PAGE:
The court then stated the following at p. 753 E:
‘Furthermore, should the amendments be given retrospective effect it will entail nothing more than the application of a new procedure to the respondent’s pre-existing right to compensation; the only difference being that, as from I May 1992, the respondent had to enforce that right to compensation in the Natal Provincial Division instead of a compensation court. There would be no adverse impairment of any pre-existing right to compensation.’
 Although the case dealt with a different question altogether, I am of the considered view that the reasoning employed commends itself for application in the instant case. In this regard, it will be seen that if all the stages that were followed in this case in terms of the repealed Act were to be jettisoned and the process commenced afresh, there would be a deleterious effect on the bidders and the 4th respondent, as I have endeavoured to show in paras  and  above.
 In coming to the conclusion that I have reached on this issue, I decline the invitation and bait extended by the applicant for the court to make a general decision regarding the application of the s.81 on tenders commenced under the repealed Act but completed after the coming into force of the Act. It must be mentioned that each case must be decided on its own merits. It would be dangerous for this court, in the absence of relevant facts, to make a general statement regarding the application of the provision in question.
Appointment of Bid Evaluation Committees
 Part of the orders issued by the Review Panel in para 4 was for the applicant to submit names of prospective members of the ad hoc committee to the Policy Unit for consultation and appointment, as well as to set a date for the re-evaluation of bids. The applicant takes issue with that order and claims that the position that the Panel, in making the order it did, is, in footballing terms, ‘off-side’. The applicant contends that it is not bound in terms of the law to consult the Policy Unit with regards to the appointment of an evaluation committee.
 In order to decide on this issue, it may well be necessary to have regard to the relevant statutory regime. The starting point, in my view is to have regard to the responsibility of the Unit. According to s. 6, the Policy Unit is set up generally to advise the Minister of Finance on any procurement related matters, including monitoring of compliance with the Act, codes and guidelines under the Act; review of the impact of the procurement system on the socio-economic policy of the Government, to mention but a few.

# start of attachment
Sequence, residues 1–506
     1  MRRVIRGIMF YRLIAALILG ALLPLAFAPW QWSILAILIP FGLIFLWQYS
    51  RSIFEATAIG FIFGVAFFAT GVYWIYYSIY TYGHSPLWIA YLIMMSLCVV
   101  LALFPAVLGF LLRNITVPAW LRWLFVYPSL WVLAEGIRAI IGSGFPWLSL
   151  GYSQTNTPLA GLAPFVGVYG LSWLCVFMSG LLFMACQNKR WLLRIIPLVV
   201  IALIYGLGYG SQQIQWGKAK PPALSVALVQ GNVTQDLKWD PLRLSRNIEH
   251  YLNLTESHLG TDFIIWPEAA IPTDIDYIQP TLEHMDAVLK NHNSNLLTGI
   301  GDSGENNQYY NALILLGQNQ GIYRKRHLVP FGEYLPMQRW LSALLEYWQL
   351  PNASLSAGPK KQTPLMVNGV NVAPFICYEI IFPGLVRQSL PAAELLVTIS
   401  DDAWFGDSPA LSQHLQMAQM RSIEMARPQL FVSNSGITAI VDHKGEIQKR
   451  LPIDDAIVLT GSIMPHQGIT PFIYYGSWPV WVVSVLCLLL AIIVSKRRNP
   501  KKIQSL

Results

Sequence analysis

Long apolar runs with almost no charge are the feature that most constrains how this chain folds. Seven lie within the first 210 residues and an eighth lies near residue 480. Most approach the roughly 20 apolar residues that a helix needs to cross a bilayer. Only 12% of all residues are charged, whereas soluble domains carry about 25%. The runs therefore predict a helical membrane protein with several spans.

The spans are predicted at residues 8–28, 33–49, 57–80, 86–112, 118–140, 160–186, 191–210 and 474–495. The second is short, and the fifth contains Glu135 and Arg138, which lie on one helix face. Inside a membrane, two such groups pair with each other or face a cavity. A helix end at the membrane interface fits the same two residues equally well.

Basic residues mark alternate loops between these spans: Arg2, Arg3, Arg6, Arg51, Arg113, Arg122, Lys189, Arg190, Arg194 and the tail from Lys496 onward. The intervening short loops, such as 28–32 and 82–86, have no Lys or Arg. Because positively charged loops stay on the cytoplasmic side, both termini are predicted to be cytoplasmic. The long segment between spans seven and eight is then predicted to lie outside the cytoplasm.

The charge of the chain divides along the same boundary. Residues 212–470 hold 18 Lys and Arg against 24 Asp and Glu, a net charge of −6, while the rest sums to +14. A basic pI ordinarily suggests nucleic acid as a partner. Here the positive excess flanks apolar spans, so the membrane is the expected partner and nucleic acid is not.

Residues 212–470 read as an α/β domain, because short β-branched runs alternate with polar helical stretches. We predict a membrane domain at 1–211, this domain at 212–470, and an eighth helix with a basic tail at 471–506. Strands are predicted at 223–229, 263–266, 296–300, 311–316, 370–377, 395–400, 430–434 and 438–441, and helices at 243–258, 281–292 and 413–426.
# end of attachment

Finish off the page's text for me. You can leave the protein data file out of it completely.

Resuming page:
Its functions are set out in s.7. They are multifarious but include advising the public procurement; conducting training programmes and compiling a curriculum for training institutions; setting training standards for, capacity building and competence levels and certification requirements; prepare guidelines, manuals directives, instruction for mandatory use by public entities; provide guidance on operational matters in procurement activities, to mention only but a few.
 In relation to the appointment of the Bid Evaluation Committee, s.26 provides that the applicant or the accounting officers are to establish an ad hoc evaluation committee for the evaluation of bids and must appoint persons as members of bid evaluation committee. Interestingly, Regulation 13 of the Public Procurement Regulations provides the following:
‘Subject to section 26 of the Act, the accounting officer, when establishing an ad hoc bid evaluation committee under that section, must appoint not less than three and not more than seven members as members of the bid evaluation committee, after consultation with the Policy Unit.’
 Before I deal with the question for determination, it is necessary that I deal, for the benefit of the applicant and particularly the 1st respondent, the import of the words ‘after consultation’ employed in the above provision. I start with consultation. In Maqoma v Sebe N.O. and Another. At p.490, the learned Judges stated the following about the concept of consultation at C-D:
‘For the aforementioned reasons, it seems to me that “consultation” in its normal sense, without reference to the context in which it is used, denotes a deliberate getting together of more than one person or a party (also indicative of the prefix ‘con’) in a situation of conferring with each other where minds are applied to weigh and consider together the pros and cons of a matter or debate.